Rain Predictions

PM Report: NWS reported this afternoon that it looks like the bulk of this storm will hit Santa Barbara, south:

BOTH OF THESE MODELS HAVE THIS LOW STILL WEST OF THE SOUTHERN
 CALIFORNIA COAST WITH PRECIP CHANCES JUST GLANCING OUR COASTLINE AT
 THIS TIME. BOTH MODELS BRING THE BULK OF THE RAINFALL TO SOUTHERN
 CALIFORNIA FROM ABOUT SAN DIEGO TO SANTA BARBARA DURING THE
 TUESDAY NIGHT/WEDNESDAY TIME FRAME WITH PRECIP AMOUNTS ON THE
 ORDER OF 1-2 INCHES FOR THIS AREA.

The above quote was taken from the link provided below. However, the precipitation forecasts, and general forecasts for this same time-frame (Tuesday through Wednesday) remain the same, with just over 1/2 inch expected for Big Sur. Weather forecasting is not exact, as we all know, so a watchful eye should continue.

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Afternoon Report: The NWS predictions in the last few hours have increased *slightly* the rain expectations for the South Coast, and decreased slightly the rain expectations for the North Coast. Right now, the expected storm is very disorganized, and hard to predict. It will be necessary to keep a close eye on it for the next two or three days.

Several people have reported that rock slides are becoming quite active in the Limekiln to Kirk Creek area. As Firefox points out, the warm days and cool nights, provide ideal conditions for expanding and contracting — thereby loosening rocks.

Also, I remind everyone that the Limekiln, J-P Burns, and Pheiffer State Parks as well as Ventana Wilderness are closed to hikers. As rain events increase and temperatures become more extreme, more and more damaged and dead trees are going to be falling, as well as rock falls, and debris flows.

I recognize that many people refuse to believe the danger, and feel that the agencies are unjustly keeping them from hiking their favorite spots, and are willing to take the chance that they won’t be caught, but if you do get caught or injured, you will be putting others at risk, including our Big Sur Volunteer Fire Brigade, in effectuating your rescue. Please, our responders have been so overtaxed this summer. Don’t add to their already considerable burden. We will have our hands full with communications, debris flows, highway closures, and every thing Mother Nature can throw at us. We don’t need you adding to that burden.

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AM Report:

From the NWS:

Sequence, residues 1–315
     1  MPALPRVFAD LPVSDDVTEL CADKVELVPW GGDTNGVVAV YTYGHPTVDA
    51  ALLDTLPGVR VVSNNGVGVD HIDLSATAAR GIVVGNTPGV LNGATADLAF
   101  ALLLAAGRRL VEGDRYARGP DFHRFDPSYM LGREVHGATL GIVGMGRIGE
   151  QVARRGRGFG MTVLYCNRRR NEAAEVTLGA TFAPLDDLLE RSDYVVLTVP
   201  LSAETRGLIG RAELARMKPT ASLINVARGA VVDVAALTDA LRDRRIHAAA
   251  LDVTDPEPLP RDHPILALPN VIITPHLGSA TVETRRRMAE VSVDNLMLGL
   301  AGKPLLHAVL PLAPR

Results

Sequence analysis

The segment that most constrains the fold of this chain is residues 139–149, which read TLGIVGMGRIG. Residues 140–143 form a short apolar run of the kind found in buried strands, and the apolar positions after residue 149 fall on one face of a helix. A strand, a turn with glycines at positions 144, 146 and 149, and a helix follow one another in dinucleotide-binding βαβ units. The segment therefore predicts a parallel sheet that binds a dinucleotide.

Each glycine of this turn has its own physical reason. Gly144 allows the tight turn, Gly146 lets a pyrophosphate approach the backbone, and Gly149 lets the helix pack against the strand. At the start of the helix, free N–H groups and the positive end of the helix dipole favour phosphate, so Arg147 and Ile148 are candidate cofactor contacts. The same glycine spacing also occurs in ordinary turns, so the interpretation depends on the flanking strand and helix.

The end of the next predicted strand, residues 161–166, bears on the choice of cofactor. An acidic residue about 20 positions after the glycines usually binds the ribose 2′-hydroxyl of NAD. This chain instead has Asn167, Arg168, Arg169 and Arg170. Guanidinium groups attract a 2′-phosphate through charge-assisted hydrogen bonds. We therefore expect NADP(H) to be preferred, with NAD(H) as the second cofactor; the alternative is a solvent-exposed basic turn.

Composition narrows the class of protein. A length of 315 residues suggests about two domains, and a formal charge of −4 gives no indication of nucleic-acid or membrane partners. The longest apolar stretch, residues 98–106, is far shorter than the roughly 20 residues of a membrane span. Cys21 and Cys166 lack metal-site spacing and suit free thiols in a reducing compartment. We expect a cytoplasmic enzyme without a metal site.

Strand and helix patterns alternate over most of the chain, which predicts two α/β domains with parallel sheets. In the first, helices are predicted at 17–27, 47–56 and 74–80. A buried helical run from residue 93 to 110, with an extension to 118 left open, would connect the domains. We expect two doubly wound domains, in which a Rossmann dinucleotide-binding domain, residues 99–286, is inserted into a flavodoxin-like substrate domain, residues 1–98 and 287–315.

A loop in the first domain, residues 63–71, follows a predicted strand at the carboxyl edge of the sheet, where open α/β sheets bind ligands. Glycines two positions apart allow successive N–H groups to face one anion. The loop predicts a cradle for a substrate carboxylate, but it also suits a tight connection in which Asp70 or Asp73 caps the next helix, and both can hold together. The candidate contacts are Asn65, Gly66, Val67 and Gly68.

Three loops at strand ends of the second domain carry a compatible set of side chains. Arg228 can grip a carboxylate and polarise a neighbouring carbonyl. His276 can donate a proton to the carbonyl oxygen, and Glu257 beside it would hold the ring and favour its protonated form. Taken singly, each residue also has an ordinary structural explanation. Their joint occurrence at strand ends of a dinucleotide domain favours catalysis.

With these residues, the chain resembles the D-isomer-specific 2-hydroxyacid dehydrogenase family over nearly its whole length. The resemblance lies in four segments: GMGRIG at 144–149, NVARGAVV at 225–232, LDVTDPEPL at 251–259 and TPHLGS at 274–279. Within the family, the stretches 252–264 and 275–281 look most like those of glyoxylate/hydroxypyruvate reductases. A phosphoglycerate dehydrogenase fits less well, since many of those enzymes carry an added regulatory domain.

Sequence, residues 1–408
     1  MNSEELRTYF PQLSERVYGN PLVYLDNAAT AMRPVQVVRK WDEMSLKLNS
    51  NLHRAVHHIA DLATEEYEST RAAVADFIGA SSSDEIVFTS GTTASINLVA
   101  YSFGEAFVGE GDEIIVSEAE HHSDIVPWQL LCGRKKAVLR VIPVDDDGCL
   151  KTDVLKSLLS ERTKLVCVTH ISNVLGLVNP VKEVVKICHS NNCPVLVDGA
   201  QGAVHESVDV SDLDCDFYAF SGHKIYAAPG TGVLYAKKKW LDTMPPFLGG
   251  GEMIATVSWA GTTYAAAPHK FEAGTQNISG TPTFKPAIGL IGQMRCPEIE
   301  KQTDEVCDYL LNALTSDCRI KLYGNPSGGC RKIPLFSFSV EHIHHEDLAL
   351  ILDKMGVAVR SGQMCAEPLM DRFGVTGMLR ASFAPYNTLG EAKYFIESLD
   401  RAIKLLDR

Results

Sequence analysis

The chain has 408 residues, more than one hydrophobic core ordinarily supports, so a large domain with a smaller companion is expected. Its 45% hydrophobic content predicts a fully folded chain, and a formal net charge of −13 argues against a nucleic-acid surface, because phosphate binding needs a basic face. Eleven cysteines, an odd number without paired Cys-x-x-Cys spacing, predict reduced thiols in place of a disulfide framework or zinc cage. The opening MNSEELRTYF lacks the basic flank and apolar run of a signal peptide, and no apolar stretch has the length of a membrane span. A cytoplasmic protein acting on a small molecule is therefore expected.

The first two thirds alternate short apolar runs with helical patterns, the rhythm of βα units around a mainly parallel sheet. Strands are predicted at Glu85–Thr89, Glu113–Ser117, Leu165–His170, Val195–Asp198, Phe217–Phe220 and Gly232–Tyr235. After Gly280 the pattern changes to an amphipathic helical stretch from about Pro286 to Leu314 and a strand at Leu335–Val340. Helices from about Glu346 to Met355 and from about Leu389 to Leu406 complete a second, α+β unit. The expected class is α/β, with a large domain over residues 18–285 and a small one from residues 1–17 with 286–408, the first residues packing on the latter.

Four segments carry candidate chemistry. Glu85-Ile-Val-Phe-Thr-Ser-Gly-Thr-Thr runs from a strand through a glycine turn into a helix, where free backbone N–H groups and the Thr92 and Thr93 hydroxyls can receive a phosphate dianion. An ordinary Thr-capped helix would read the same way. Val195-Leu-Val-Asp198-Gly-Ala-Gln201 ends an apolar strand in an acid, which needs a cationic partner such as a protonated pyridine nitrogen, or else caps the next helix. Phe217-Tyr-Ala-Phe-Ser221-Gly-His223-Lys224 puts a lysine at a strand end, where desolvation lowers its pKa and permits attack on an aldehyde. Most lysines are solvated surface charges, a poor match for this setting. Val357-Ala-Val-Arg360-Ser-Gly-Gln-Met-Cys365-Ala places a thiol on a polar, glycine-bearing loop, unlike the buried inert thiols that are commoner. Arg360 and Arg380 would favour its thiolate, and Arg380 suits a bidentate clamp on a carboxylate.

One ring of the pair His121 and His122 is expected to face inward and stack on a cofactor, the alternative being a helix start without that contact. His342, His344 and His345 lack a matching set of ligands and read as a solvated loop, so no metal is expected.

...WET WEATHER ON THE WAY FOR TUESDAY AND WEDNESDAY...

...PERSONS NEAR THE BURN AREAS SHOULD CLOSELY MONITOR THIS UPCOMING
EVENT...

A DEVELOPING PACIFIC STORM SYSTEM WILL BRING INCREASING RAIN
CHANCES BEGINNING TUESDAY...ESPECIALLY FOR COASTAL AREAS SOUTH OF SAN
FRANCISCO. IN ADDITION...THUNDERSTORMS COULD OCCUR WITH THIS STORM
SYSTEM TUESDAY NIGHT AND WEDNESDAY...AND RESULT IN BRIEF HEAVY RAIN.
THERE IS THE POSSIBILITY THAT THE RECENT BURN AREAS MIGHT RECEIVE
ENOUGH RAINFALL FOR DEBRIS FLOWS TO BE TRIGGERED. AS THIS EVENT IS
STILL AT LEAST A COUPLE OF DAYS AWAY...PERSONS NEAR THE BURN AREAS IN
MONTEREY AND SANTA CRUZ COUNTIES SHOULD CLOSELY MONITOR THE LATEST
FORECASTS.
Also, slight chances of rain as early as Monday evening through Saturday, although Tuesday and Wednesday rain is predicted as “likely.”

There is an interesting discussion about the various predictor models being used, their variants, and the “compromise” predictions being issued as a result of the variants in the differing models. For those of you interested in a more in-depth discussion, you can review it here: (Thanks, Charles Bell!)


And remember, the Harvest Fair for Saturday and Sunday, 10-4, of Thanksgiving weekend has been moved to MAF aka Big Sur Station.

One thought on “Rain Predictions

  1. In particular, we should keep a weather eye on the stretch between Pitkin’s Curve and Kirk Ck…those slides just below Limekiln. They are so freshly burned, and the soils there are certainly “hydrophobic”. I have noted that several of the draws had burned very hot, increasing the depth of the hydrophobic conditions. And for those slide chutes. They are already dumping car tire-destroying rocks galore.

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